Fraternal Twins: United States and Europe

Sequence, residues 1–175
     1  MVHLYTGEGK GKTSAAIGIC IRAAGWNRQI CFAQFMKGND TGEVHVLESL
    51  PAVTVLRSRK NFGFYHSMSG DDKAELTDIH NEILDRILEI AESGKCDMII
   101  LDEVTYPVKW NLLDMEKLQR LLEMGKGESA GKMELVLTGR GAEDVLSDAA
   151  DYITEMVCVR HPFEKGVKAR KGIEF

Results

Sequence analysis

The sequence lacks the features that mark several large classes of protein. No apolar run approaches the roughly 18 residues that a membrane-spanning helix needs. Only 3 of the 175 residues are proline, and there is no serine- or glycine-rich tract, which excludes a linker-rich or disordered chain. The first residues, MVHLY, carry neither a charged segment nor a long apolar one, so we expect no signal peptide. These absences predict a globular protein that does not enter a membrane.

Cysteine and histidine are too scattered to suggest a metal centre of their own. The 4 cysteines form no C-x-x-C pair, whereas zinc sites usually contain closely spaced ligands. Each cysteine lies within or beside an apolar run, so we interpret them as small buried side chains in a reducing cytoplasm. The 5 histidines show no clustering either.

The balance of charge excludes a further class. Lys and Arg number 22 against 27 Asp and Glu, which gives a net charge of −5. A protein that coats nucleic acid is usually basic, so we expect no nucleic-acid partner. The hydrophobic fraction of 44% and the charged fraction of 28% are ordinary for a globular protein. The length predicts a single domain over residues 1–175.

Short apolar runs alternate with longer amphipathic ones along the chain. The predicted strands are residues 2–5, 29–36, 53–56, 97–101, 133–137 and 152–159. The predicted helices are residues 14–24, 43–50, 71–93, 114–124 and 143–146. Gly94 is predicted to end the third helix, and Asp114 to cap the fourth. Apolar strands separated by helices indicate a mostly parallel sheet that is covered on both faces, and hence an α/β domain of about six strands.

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The movie “Twins,” a hysterical comedy, featured stars Arnold Schwarzenegger and Danny DeVito. In explaining my 2020 Forecast I was trying to provide a picture of how I see the United States versus Europe and “Twins” popped into my head. From an economic perspective, the U.S. is in a virtuous cycle where everything seems to go its way. Today, China announced reducing tariffs, which is a win for the U.S. economy. Friday’s employment report is looking to be a blockbuster with January’s ADP private payroll increase of an astounding 291,000; initial claims plummeted back down to a near 50-year low; productivity ratcheted up to 1.8% YoY and ISM manufacturing rose back above 50, indicating expansion likely in part due to the surge in U.S. oil exports. On the other hand, Eurozone GDP growth slowed to 0.1% QoQ in 4Q19; France GDP unexpectedly contracted in the fourth quarter; Germany’s GDP, not out yet, but likely stagnated; and Italy’s 4Q19 GDP contracted -0.3% QoQ, for a few depressing metrics. Much of the contrast between the two economies stems from policy decisions. In the U.S., the pro-growth and pro-business fiscal policies include a 40% cut in corporate income taxes and generous repatriation of overseas profits. I said in 2017 on CNBC that it is likely that Europe will respond or become uncompetitive in the world economy. Europe has not responded with similar pro-growth policies. For now, the U.S. economy appears robust enough to offset Europe’s weakness – but for how long? Please see the Voya Global Perspectives 2020 Forecast.

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